One of Shakespeare’s shorter tragedies, Macbeth is based on a historical king of Scotland. Although some of the basic facts in the play are true to history, the murder of the king for example, Shakespeare largely wrote the play as an entertaining tragic story rather than a historical document. The play is a tale of ambition, revenge, and justice. Unlike some of Shakespeare’s other villains who seem to enjoy their misdeeds such as Richard III or Iago, Macbeth is a reluctant villain. Throughout the play he expresses fear and remorse.
He is terrified of the consequences of his actions yet he plots onward to the end. Lady Macbeth is equally a figure of over-reach and remorse. The play works with these themes and ideas throughout. Since Shakespeare wrote the play under the reign of James I, the theme of just vengeance against the murder of a king and the proper restoration of order are important themes. The setting for the play is Scotland, the home of James I. As much as Shakespeare wrote to please the tastes and sensibilities of Elizabeth I, he also catered to her successor.
DUNCAN, King of Scotland
MACBETH, Thane of Glamis and Cawdor, a general in the King’s army
LADY MACBETH, his wife
MACDUFF, Thane of Fife, a nobleman of Scotland
LADY MACDUFF, his wife
MALCOLM, elder son of Duncan
DONALBAIN, younger son of Duncan
BANQUO, Thane of Lochaber, a general in the King’s army
FLEANCE, his son
LENNOX, a nobleman of Scotland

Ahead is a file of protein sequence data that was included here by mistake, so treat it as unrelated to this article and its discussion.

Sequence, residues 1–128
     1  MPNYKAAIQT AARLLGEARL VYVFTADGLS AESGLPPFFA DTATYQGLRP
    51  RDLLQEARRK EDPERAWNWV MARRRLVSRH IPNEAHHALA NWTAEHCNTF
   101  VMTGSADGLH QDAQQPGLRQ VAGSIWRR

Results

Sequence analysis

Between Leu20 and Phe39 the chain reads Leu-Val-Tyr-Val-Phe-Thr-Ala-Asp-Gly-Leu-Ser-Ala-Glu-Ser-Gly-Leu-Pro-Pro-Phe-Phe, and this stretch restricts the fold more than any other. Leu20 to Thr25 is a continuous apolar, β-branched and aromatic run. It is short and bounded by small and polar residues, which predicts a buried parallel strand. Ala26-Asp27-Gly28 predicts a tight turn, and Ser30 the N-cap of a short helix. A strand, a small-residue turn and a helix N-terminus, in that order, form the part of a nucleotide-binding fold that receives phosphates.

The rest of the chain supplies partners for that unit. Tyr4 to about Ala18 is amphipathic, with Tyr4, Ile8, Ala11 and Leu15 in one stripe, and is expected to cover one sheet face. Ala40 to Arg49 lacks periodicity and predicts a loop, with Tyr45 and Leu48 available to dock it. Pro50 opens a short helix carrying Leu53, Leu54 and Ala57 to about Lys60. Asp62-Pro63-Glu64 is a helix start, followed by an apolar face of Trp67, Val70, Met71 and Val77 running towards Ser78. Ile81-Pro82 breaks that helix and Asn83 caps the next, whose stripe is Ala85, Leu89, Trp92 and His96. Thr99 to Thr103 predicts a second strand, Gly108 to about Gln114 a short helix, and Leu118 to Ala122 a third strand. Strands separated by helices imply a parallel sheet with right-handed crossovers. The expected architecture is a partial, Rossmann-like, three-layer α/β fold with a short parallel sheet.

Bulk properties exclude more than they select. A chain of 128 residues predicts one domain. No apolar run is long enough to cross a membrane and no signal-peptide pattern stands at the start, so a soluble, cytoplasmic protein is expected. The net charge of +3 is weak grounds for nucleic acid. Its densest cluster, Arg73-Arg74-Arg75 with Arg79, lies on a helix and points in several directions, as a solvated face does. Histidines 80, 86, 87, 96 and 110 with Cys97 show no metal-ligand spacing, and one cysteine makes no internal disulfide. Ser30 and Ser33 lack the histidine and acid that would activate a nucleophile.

ROSS, a nobleman of Scotland
MENTEITH a nobleman of Scotland
ANGUS, a nobleman of Scotland
CAITHNESS, a nobleman of Scotland
SIWARD, Earl of Northumberland, a general of the English forces
YOUNG SIWARD, his son
SEYTON, an attendant to Macbeth
HECATE, Queen of the Witches
The Three Witches
Boy, Son of Macduff
Gentlewoman attending on Lady Macbeth
An English Doctor
A Scottish Doctor
An Old Man
The Ghost of Banquo and other Apparitions
Lords, Gentlemen, Officers, Soldiers, Murderers, Attendants, and Messengers
The setting is medieval Scotland, the Highlands. Duncan, the King of Scotland, is waging a war against the King of Norway. The scene opens as the kind learns of Macbeth’s victory over the treacherous Macdonald who aided the Norwegians against the king and against Scotland. This coincides with news of the treachery of the Thane of Cawdor. Duncan, the king, gives the title Thane of Cawdor to Macbeth to reward his heroism.
On their way home from battle, Macbeth and Banquo encounter three witches who predict that Macbeth will be Thane of Cawdor and king of Scotland, as has been ordained by the king in his absence. They also foretell that Banquo will be the father of kings. This concerns Macbeth and he returns to his castle plotting a different course.
Upon returning to his castle Macbeth is persuaded by his ambitious wife, Lady Macbeth, to kill the king and take his place on the throne. An opportunity easily presents itself when King Duncan pays a visit to Macbeth castle. Macbeth initially resists the plot to kill the king out fear of punishment both in life and beyond. However, his wife continues to persuade him and eventually convinces him to kill the king. After a night of celebration, Lady Macbeth drugs the guards to the King’s chambers. At her signal, Macbeth approaches the king’s chambers, voicing his doubts to himself, and kills the king in his sleep. Macbeth is filled with remorse, but his wife scolds him. Her ambition grows with her misdeeds. At this moment they hear a knock at the castle door.